Johan Ward receiving his FIFA badge. Photo courtesy of Gibraltar FA

Johan Ward receiving his FIFA badge. Photo courtesy of Gibraltar FA

Zyl Sheriff: “Referees in Gibraltar both football and futsal have been having a strict training program. We get help from our fitness training instructor and school friend of mine James Alvarez. He has always been getting us all to achieve our highest standards in training and how to make the best of ourselves. I work night shifts as a refuse truck driver and I cannot make training sessions. That means I have to train solely during mornings. I train with advice from James and have Adrian to help me when practicing the FIFA fitness tests.”

Goals for 2017

What do you expect for 2017 as referee?

Jason Barcelo: “In 2017 I expect for many new refereeing experiences and to hopefully travel abroad to different countries to experience the different styles of football, and cultures.”

Johan Ward: “For 2017 I expect more of the same with regards to refereeing.  However, there is the added incentive of continually improving my standard as an assistant referee and also to improve my fitness levels.”

Zyl Sheriff: “I expect to achieve high expectations and make Gibraltar proud as the small community that we all are. Here when someone receives a high achievement everyone in Gibraltar will feel that they have achieved it too.”

Keep improving

How will you make sure you’ll keep improving?

Jason Barcelo: “With the help of my referee coaches and colleagues both domestically and now internationally. I will also hope to learn the different refereeing styles from my new international colleagues. Hopefull I’ll take the positives into my own game.”

Johan Ward: “In order to keep improving I will ensure that I attend the seminars/workshops provided by the GFA Refereeing Department. I will take advantage of the training sessions provided by our fitness coach. I also will take note and consider taking the advice of our dedicated referee observers, as well as to ensure that the diet/training and match preparation is adhered to.”

Zyl Sheriff: “After being accepted as a FIFA listed referee I cannot let my guard down and think that this is the end. I now have to work even harder than ever to keep improving. Being such a small community everyone in Gibraltar is well-known . When refereeing I have many good friends on the pitch and outside of the pitch which sometimes tends to make refereeing harder. But I cannot let that get to me and need to enforce the laws of the game the best possible way.”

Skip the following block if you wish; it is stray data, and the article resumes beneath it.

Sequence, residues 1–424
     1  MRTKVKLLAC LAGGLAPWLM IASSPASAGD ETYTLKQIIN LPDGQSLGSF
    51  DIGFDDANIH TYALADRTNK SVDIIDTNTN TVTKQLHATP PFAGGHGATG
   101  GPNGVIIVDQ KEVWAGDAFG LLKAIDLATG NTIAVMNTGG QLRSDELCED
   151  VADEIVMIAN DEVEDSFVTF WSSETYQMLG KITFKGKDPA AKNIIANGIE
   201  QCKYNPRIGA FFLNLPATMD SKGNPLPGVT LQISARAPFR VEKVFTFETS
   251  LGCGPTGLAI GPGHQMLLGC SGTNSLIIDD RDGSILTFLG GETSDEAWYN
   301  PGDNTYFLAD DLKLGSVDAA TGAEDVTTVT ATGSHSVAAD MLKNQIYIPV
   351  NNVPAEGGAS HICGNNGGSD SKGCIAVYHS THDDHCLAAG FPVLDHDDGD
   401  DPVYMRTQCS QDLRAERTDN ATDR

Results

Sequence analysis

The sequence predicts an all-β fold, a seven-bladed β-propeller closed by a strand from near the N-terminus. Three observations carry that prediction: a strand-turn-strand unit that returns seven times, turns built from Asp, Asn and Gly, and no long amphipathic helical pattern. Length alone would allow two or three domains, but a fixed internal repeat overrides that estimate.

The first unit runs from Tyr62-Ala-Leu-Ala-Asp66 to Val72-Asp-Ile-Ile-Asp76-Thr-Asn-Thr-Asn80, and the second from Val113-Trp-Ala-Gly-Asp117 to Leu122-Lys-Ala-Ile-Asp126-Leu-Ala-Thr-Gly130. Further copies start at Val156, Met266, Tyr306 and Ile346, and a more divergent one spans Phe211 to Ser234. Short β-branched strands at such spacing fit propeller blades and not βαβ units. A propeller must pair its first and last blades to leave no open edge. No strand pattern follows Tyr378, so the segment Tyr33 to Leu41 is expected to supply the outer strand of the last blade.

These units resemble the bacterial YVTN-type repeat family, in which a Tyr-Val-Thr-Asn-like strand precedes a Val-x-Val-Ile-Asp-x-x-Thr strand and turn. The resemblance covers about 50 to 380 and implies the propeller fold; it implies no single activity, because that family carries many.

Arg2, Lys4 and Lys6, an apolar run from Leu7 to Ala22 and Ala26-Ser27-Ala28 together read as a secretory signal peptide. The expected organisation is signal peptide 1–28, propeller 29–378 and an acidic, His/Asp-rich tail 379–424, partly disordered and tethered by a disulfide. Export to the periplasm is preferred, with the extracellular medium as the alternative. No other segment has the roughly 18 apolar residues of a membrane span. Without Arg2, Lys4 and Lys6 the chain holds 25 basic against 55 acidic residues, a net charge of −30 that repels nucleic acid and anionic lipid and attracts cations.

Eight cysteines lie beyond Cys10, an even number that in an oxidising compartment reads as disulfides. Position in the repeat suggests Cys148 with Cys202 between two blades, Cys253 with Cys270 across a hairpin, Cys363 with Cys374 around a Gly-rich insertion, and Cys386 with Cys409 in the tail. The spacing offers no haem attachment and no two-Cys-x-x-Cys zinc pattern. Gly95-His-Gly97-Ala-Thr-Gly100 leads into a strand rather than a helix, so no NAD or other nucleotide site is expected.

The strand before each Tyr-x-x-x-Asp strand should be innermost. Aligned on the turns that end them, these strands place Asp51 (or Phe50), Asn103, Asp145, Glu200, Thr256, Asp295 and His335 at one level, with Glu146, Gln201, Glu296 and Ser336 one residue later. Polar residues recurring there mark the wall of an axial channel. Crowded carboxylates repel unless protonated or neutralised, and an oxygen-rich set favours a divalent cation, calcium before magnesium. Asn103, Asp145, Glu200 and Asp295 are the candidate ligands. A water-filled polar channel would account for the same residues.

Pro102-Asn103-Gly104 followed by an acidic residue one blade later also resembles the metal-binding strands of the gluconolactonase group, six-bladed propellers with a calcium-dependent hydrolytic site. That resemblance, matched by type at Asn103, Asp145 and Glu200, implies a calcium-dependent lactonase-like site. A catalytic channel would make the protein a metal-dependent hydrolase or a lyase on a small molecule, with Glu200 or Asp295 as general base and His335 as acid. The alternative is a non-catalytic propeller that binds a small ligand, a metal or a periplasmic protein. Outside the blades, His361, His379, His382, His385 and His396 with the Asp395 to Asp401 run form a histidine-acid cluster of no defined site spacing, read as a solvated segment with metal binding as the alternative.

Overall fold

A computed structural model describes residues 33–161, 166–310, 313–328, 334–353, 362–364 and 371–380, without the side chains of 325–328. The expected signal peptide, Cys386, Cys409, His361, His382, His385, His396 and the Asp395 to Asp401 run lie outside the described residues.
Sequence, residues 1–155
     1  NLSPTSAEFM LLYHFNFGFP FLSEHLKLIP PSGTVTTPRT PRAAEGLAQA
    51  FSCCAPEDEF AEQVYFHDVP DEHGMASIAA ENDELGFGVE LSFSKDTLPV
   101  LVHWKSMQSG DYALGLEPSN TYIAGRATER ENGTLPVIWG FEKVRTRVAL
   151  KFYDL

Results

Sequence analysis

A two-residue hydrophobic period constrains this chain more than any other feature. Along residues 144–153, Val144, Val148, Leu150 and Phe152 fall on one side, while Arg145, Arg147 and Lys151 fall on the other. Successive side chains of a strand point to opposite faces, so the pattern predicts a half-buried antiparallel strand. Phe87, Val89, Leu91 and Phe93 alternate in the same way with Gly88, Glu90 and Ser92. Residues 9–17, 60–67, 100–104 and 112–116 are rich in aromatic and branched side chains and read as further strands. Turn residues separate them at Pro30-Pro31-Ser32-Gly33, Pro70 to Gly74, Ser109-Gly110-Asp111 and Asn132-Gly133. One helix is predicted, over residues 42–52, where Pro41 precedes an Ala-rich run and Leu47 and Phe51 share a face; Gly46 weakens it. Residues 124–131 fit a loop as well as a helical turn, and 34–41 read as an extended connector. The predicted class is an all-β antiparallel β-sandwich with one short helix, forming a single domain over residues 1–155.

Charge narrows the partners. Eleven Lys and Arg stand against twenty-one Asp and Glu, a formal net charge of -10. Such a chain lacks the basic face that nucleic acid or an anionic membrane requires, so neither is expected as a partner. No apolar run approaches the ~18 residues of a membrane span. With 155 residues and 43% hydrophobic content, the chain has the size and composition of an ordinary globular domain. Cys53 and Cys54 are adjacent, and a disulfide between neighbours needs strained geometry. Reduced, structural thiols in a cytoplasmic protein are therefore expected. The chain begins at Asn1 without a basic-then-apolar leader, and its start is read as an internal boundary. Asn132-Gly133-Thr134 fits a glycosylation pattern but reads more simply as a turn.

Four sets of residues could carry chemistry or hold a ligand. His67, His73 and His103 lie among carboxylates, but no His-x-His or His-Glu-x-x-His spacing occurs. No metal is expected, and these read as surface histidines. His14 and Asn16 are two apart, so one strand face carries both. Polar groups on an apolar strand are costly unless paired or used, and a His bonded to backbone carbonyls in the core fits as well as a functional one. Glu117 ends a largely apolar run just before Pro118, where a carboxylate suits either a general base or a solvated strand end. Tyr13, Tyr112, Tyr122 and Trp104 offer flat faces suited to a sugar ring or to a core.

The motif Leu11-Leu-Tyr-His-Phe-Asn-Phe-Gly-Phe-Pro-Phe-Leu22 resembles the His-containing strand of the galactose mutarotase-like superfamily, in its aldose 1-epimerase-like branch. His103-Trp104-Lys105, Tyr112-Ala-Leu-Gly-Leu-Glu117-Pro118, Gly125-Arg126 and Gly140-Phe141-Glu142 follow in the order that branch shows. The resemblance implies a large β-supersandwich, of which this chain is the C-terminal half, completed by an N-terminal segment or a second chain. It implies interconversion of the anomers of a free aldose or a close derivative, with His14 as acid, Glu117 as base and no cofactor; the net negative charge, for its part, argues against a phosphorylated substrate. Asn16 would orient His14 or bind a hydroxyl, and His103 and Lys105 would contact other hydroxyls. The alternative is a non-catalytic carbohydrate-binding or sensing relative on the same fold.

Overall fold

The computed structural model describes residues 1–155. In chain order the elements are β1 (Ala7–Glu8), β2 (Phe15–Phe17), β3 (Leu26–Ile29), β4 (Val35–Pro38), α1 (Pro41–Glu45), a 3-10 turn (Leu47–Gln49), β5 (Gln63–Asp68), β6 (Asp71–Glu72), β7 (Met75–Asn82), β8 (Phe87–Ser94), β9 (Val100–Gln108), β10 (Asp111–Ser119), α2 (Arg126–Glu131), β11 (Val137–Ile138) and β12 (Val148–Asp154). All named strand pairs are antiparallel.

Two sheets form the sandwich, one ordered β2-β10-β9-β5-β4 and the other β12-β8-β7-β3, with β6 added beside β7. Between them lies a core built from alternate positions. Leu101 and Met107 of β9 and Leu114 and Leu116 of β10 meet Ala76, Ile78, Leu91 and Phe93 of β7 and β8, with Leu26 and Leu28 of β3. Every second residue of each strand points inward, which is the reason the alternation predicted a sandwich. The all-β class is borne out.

Chances for first ever Gibraltar FIFA referees

What chances are there for referees from small countries like Gibraltar?

Jason Barcelo: “Despite being a smaller nation, Gibraltar is growing rapidly in the international stage. And with the correct progress and attitude, there is no limitations to any referee, regardless of their nationality.”

Johan Ward: “Well the recent trend seems to show that there are opportunities available for referees of small countries such as Gibraltar.  Recently one of my colleagues successfully completed his UEFA CORE programme. Another group of colleagues went on a referee exchange to Malta. And our youth referees continually take part in summer international tournaments and now the three of us have been accepted into the list of FIFA referees. All this shows that the opportunities are available.”

Zyl Sheriff: “I’d have to say that we have an equal chance as any other country in the world and we are here to try and prove that.”

Tips for you to improve

What tips do you have for other referees to help them improve?

Jason Barcelo: “My tips for younger referees would be to make sure they enjoy their refereeing As this is a line of work which you need to enjoy. I would also advise the younger referees to take advice from their technical coaches and physical instructors. That’s because the game is constantly becoming more rapid, and fitness is essential in the modern game.”

Johan Ward: “Be yourself and relax whilst officiating.  Remember that pre-match, during the match and post-match you are the example to follow and the person of authority. And as a result you have to present yourself adequately.  Be professional, treat everyone with respect and most of all enjoy the game we all love.”

Zyl Sheriff receiving his FIFA badge. Photo courtesy of Gibraltar FA

Zyl Sheriff receiving his FIFA badge. Photo courtesy of Gibraltar FA

Zyl Sheriff: “Being focused and being very concentrated in a game for me is the most important aspect, as you can lose concentration very quickly in a game.  It could turn out to be worse for you. I have my own way of refereeing and only by experience you get to make yourself a better referee if you really want too.”

The future of the first ever Gibraltar FIFA referees

What are your goals for the future?

Jason Barcelo: “With this fantastic new opportunity my goals are to educate myself further as a referee. I have to improve my performance on the pitch, and to help the younger referees, with the new experience I will gain.”

Johan Ward: “My goals for the future is to keep improving and continue representing my colleagues, team/family/country to the best of my ability.  If I have the chance to officiate an international game, then that would be a great moment in my life.”

Zyl Sheriff: “My goals for the future is to improve as a Futsal referee. I want to make Gibraltar proud and encourage younger generations that refereeing can be a very highly rated career and also enjoyable.”